The Vegas Golden Knights and Arizona Coyotes meet this afternoon in the fourth and final game of this mini series.
Once again, the Knights will have the luxury of playing in front of fans, including many of their own. But Vegas is hoping for much better results this time around.
The Knights’ four-game winning streak came to crashing halt in Friday’s 5-2 loss.
The Knights were chasing most of the game but never felt like much of a threat to make a comeback.
They’ll look to turn things around this afternoon at Gila River Arena.
Here are four things to consider for today’s tilt.
Yes, Vegas scored a power-play goal the other night, but that doesn’t mean the power play should be considered a success.
For one thing, Cody Glass’ goal was somewhat of a fluke play, as the puck took a strange bounce off the boards. For another, the Knights looked disjointed on the man advantage all night.
More than that, the power play was so ineffective that it was draining.
While Arizona has one of the best penalty kills in the league, this isn’t a new problem for the Knights. It’s still very early on in the season, but considering the amount of talent in the lineup, there’s no reason the power play can’t be significantly better.
It’s one thing to not score on a power play, it’s another to be out of sync and give the other team easy clears. Vegas needs to set up in the offensive zone, make intelligent and crisp passes and establish some sort of rhythm. At the very least, the Knights need to be a threat with the man advantage.
This is especially true considering how much momentum can be lost or gained on special teams.
Similarly, the Knights will need to stay out of the box.
That has been a problem for Vegas, particularly against the Coyotes. In fact, the Knights have taken 15 penalties in three games against Arizona, including six the other night.
Though Vegas’ penalty kill has been very strong this year, penalties kill momentum.
In the crease
Based on the rotation used so far this season, Marc-Andre Fleury should be in net for this afternoon’s game. He has played very well in two starts this season and has a combined 1.51 goals-against average and .933 save percentage.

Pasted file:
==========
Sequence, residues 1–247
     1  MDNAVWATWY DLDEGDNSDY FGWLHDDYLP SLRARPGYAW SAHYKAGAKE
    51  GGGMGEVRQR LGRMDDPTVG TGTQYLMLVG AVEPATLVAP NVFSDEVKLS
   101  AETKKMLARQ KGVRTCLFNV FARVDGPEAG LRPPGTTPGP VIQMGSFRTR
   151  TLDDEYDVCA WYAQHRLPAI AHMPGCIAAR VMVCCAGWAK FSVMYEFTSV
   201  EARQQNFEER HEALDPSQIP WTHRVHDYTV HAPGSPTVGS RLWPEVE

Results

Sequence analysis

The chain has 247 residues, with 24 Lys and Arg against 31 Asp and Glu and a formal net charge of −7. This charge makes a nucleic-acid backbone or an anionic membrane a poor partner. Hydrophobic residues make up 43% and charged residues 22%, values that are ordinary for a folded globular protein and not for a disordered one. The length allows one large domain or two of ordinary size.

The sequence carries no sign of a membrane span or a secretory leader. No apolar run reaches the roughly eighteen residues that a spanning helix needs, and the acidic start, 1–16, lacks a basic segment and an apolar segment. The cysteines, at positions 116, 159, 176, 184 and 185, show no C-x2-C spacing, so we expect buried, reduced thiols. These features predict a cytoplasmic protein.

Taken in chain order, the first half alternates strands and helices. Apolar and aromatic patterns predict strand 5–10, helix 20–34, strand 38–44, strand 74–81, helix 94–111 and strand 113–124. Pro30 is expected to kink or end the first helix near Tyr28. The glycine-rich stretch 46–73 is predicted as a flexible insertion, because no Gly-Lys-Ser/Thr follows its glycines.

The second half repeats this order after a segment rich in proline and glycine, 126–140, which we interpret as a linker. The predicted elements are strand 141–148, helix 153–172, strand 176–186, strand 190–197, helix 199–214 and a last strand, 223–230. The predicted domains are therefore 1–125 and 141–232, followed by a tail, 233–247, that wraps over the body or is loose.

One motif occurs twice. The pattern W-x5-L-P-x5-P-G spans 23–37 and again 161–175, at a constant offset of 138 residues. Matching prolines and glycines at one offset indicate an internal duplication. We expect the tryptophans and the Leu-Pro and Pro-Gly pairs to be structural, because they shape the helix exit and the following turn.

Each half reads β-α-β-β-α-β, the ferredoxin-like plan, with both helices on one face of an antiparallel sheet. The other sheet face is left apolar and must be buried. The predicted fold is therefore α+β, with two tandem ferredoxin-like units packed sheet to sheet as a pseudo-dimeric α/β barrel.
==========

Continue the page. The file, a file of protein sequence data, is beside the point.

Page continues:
Goaltending was an issue the other night in Vegas’ only loss of the season.
Robin Lehner gave up several soft goals and finished the game with an .840 save percentage.
Prior to Friday’s game, Lehner was 2-0-0 with a 2.01 goals-against average and .926 save percentage; he now has a 2.68 goals-against average and .899 save percentage.
While the Knights didn’t exactly play an inspired game, goaltending was still a factor in the loss.
Much like strong goaltending has been a factor in Vegas’ early success this season.
The Knights will need a better performance between the pipes if they want to take three out of four in this series.
Pete DeBoer has used 13 forwards and five defensemen in three out of five games this season.
That is not a common strategy, and it remains unclear why it is Vegas’ strategy early on.
The Knights don’t want to lose Keegan Kolesar through waivers. However, that still doesn’t explain why an extra burden is placed on the defensemen, especially this early on in the season. Plus, Kolesar is averaging just 5:36 of ice time per game and has played less than five minutes in three out of five games.
Further, the ice time distribution among defensemen with the 13-5 strategy doesn’t make a lot of sense. Shea Theodore has been Vegas’ best defenseman this season, yet he typically gets the second-fewest minutes.
The 13-5 combination also forces some forward lines and all defensive pairings to shuffle throughout the game. What this adds has yet to be explained.
One has to believe this can’t continue long-term, but never say never when it comes to DeBoer and the Golden Knights.
How to watch
Time: 1 p.m.
TV: AT&T SportsNet, NHL.TV
Radio: Fox Sports 98.9 FM
Who has been Vegas’ best player so far this season?
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